If you look at Asra Q. Nomani as a human being, she is an outstanding success story. Born in Mumbai, she is today a respected journalist who has worked for publications such as the Wall Street Journal and the New York Times; she covered Pakistan in the aftermath of 9/11 for Salon.com; she was a visiting scholar at Brandeis University and a fellow at Yale. She was even portrayed by Archie Panjabi in the Angelina Jolie starrer, A Mighty Heart.
If you look at her through conservative Islamic eyes, she is a once-divorced Muslim woman guilty of zina, “illegal sex” i.e. sex outside the bonds of matrimony. The strongest evidence against her is her own son, Shibli Daneel, born to a Pakistani father who abandoned both mother and child because he deemed her too immoral to meet the standards of his family. After all, she slept with him.
The dichotomy appears so stark that it’s almost a no-brainer to say that she would have to choose one identity over the other: she’s either a working American mom or she’s a fallen Muslim woman. Between the two is a chasm with no resolution in sight. Nomani, however, did not feel inclined to let any one part of her wither and die.
Her book, Standing Alone in Mecca – A Pilgrimage into the Heart of Islam, is the result of her efforts to balance the two aspects of her life.
Nomani’s story begins in Mumbai in the 1960s when she migrated to the United States with her parents. Her scientist father and businesswoman mother were fairly liberal and the world was her oyster insofar as she allowed it to be. However, the immigrant experience is bound to have its problems and her earliest struggles were to stay faithful to her parents’ culture while growing up in another.
She went to college and became a journalist, she did not wear the hijab, traveled the world on her own and religion was not a strong force in her life. She had premarital sex and tried to be open about it to her mother. Along the way there were concessions: a natural athlete, she says she gave up her hopes of making the swim team because her conservative grandmother did not approve of the costume. She learnt to live with the segregation of men and women at the mosque and at informal gatherings. When the time came for her to marry, she turned her back on the white American man who loved her and chose a Muslim man of Pakistani origin instead because he was of the right culture and the right religion.
Then came 9/11, her assignment to Pakistan for Salon during the course of which she fell in love with the father of her son, and the kidnapping of her friend Daniel Pearl for the twin “crimes” of being born a Jew and an American.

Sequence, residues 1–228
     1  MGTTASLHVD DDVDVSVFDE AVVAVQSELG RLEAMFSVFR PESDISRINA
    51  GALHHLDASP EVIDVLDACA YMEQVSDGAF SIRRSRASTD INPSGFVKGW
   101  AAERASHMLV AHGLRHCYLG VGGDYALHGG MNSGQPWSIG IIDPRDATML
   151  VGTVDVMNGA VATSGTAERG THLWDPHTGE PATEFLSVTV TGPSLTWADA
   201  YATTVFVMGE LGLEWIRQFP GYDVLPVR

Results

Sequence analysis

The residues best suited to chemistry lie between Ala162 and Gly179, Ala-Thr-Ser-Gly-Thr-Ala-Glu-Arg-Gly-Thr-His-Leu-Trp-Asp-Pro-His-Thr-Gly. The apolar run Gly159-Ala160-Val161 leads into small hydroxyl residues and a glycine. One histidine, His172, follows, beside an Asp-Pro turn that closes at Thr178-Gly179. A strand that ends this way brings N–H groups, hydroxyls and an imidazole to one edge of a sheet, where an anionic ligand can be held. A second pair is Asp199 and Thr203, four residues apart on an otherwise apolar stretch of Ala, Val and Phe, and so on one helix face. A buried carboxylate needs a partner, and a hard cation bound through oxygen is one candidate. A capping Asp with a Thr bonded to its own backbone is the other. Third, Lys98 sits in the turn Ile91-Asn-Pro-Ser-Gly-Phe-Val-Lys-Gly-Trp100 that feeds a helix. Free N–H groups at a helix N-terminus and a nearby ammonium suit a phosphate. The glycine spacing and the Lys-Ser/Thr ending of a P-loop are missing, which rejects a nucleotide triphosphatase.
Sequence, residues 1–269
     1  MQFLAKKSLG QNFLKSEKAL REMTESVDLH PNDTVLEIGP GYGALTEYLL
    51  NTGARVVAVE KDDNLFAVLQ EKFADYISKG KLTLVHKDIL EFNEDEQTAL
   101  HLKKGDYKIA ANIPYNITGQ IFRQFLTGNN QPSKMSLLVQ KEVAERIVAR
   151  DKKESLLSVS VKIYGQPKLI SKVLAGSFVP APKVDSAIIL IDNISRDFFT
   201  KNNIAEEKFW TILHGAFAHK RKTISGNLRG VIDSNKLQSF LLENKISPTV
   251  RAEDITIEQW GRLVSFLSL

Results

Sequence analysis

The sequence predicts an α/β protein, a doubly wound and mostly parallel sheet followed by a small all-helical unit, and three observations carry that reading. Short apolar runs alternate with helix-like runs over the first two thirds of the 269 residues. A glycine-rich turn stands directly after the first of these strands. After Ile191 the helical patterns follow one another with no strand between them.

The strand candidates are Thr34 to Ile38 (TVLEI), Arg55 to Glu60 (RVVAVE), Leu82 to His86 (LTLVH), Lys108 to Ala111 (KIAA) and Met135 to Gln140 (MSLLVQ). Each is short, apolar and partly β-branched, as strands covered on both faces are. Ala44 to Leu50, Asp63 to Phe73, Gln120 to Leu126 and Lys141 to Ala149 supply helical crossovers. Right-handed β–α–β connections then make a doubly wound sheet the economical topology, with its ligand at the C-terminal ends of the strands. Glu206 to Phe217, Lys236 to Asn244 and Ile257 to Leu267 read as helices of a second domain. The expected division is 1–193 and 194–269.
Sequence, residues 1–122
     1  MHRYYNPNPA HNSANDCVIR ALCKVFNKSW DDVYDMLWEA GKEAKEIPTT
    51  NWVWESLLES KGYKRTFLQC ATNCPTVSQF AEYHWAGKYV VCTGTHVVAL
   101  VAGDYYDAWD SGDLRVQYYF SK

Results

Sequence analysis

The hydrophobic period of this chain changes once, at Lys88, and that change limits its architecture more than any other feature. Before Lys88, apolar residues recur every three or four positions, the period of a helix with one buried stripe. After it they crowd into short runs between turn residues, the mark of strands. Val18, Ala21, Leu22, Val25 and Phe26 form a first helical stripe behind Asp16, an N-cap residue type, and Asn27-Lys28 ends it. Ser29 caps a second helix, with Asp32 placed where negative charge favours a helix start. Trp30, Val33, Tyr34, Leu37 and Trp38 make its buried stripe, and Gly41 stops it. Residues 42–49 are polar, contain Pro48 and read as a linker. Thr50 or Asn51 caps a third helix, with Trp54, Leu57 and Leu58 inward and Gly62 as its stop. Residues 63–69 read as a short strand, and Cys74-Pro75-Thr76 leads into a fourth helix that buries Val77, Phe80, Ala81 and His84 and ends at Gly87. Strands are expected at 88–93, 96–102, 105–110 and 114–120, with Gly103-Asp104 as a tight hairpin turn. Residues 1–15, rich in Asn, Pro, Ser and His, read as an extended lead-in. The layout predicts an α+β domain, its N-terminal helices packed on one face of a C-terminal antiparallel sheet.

Shocked by what she’d witnessed, pregnant and abandoned by the man who’d once swept her off her feet, Nomani returned to America and gave birth to a son she named Shibli Daneel in honor of her slain friend and the larger implications of the story of Daniel and the Lion’s Den. Somewhere in this tumult came a need to examine her own faith, in God and the percepts of her religion. She decided she would go to Mecca.
Standing Alone in Mecca is the story of her trip, but it is also the story of a journey Muslim women have taken over millennia. It is the story of Hajar (Hagar), the slave girl who gave birth to a son of Abraham and was abandoned in the desert with her child. It is the story of women who travel all the way to Mecca for a pretty basic right: to stand equal before God.
If Nomani rambles a bit in her attempt to weave religious history, social commentary and personal narrative into one cohesive whole, I’m inclined to overlook it because it’s a good read that didn’t just give me a look into the life of a modern day Muslim woman but also made me feel included.
I don’t usually throw around words like “universal sisterhood” and I don’t think my strong reaction to her book can be solely explained by my gender – what Nomani does here is something a lot more complex than just ask for empathy. Instead, she relates her experiences with other cultures to the one in which she grew up.
She says her inspiration was the Dalai Lama – a chance encounter made her realize the value of understanding the alien in order to better appreciate the familiar. Nomani, whose first book was Tantrika: Traveling the Road of Divine Love, tries to relate her experiences with Islam to the larger experience that we have each had with religion.
Thus, when she writes of parties where everybody sits segregated according to gender, I know what she is talking about – and I can imagine the psychological effects of that invisible line between male and female. Some of us in South Asia still live with that kind of mental-turned-physical barrier, where there’s a distinctly male section and a female section when large groups gather – others have grown up in homes where the older generation, at least, practices this segregation. Her ability to make the reader relate is her strength.
Ever since the book came out and she joined hands with other Muslim women and activists such as Amina Wadud to buck the conservative trend in today’s Islam, she has been the target of death threats, abuse… and a lot of support. Her response? She came out with the Islamic Bill of Rights for Women in the Mosque, Islamic Bill of Rights for Women in the Bedroom and sicced the FBI onto the men who were sending her hate mail, trying to stifle her rights as a woman and a Muslim through intimidation when she used the Koran itself to bolster her arguments.
There is a story here beyond the hijab and the honor killings. If you only ever read one book on women in Islam, let it be this one.